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Google streaming service goes live in Japan

By | Published on Monday 7 September 2015


Google launched its streaming music service in Japan on Friday, making it an early entrant into a market where streaming, and indeed digital music at large really, is yet to gain momentum.

As previously reported, the Japanese record industry has been slow to adapt to digital, with even iTunes having to agree to a different pricing structure in the country in order to get licensed. Resistance was motivated by, and for a time helped to maintain, a very strong CD market, but physical product sales are now in decline in Japan too, and with digital services there so far behind, the wider recorded music business has started to struggle.

Until recently very few streaming services were available in Japan, and those that did operate – like the now defunct Sony Music Unlimited and Taiwanese streaming set-up KKBOX – had significant functionality limitations compared to Spotify-type platforms. However, in the last few months new services offering a little more functionality have started to appear: first via the record industry’s joint venture with messaging app Line, and then Apple Music.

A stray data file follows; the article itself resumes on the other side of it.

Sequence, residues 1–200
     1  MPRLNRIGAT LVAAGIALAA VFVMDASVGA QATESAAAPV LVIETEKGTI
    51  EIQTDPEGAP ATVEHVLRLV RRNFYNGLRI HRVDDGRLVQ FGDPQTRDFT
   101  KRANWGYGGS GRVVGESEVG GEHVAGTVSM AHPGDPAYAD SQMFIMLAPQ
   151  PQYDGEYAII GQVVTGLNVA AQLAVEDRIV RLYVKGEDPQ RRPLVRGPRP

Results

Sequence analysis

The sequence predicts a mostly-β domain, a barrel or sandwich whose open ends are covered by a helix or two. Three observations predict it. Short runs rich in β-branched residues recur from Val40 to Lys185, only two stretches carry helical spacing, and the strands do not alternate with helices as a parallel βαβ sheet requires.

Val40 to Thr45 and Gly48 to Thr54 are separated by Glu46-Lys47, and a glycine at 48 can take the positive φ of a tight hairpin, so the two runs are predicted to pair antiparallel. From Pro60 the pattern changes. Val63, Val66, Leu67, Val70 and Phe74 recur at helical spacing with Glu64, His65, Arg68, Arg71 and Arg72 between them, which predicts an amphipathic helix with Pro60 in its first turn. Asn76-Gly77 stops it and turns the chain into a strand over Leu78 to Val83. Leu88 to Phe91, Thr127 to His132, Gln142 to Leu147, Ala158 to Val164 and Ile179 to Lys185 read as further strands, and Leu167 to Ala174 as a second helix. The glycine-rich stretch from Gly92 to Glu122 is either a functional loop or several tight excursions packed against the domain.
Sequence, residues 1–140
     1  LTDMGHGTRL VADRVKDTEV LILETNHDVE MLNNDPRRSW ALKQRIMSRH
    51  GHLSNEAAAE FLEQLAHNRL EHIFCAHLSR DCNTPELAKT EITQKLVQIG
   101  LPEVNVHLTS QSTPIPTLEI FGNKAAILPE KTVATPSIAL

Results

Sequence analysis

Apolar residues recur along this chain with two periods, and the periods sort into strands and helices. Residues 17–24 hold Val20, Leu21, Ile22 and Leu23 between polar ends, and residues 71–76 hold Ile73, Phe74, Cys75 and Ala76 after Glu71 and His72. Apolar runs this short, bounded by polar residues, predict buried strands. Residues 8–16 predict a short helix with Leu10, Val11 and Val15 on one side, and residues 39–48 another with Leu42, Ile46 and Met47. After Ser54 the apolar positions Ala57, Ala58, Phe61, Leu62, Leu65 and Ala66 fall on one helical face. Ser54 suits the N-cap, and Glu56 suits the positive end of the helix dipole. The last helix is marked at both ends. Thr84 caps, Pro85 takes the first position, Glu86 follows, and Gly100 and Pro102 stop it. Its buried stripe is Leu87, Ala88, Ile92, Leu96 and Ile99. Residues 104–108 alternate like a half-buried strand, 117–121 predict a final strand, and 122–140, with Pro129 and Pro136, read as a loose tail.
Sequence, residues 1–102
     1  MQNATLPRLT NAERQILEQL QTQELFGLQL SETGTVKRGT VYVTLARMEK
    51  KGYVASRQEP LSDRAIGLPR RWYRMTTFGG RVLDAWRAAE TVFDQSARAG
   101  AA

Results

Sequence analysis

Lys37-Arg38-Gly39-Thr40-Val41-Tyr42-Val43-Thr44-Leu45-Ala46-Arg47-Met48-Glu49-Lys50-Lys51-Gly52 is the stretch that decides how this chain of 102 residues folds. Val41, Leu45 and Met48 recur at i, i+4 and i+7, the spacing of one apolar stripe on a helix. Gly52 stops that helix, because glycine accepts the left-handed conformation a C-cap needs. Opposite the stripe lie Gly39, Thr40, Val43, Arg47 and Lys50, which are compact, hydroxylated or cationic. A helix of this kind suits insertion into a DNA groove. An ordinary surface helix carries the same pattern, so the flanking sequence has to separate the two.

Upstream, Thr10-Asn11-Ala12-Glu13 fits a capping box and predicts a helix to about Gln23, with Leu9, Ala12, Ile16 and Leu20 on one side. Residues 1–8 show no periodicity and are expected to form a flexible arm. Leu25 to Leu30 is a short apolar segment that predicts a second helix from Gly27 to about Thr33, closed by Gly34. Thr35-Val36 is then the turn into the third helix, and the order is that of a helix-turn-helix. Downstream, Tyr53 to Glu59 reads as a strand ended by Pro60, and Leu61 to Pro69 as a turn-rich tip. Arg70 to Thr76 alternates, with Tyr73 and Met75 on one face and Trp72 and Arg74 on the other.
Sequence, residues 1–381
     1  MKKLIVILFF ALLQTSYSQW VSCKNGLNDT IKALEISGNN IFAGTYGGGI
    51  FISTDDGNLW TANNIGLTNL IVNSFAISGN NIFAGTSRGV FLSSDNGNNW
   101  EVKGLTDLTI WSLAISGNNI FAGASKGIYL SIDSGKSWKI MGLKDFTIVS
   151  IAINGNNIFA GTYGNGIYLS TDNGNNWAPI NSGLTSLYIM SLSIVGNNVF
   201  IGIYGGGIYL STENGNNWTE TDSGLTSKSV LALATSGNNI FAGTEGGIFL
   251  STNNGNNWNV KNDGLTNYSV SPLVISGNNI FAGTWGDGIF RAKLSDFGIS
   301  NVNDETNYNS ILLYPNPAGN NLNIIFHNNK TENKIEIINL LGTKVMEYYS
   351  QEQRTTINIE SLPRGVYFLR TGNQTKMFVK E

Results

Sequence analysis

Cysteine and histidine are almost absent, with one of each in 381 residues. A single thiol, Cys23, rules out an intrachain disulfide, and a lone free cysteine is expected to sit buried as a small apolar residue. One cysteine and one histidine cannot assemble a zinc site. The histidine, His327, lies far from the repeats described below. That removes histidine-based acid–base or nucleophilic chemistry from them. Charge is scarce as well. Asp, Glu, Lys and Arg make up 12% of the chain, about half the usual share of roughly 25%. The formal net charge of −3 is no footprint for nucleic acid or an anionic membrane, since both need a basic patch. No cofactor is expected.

And now Google. Its streaming service in Japan will seemingly mirror its set-up elsewhere, though interestingly the monthly subscription rate seems set to be cheaper, reportedly just over £5 a month, with a discount for early adopters. Following Line Music’s also low price point, this is an interesting trend in a market where downloads were generally more expensive than the rest of the world.

One thing that links the streaming services that are live in Japan though, is that, beyond free trials, there is no freemium level, which could be the sticking point that is still preventing the big players elsewhere – and especially Spotify – from entering this market.

Which means that, whereas Google’s streaming set-up has never seemed to gain much momentum elsewhere, and Apple Music, despite the hype and moderately pleasing sign-up figures, is still very much playing catch-up, in Japan both are early to market and could gain more traction as a result.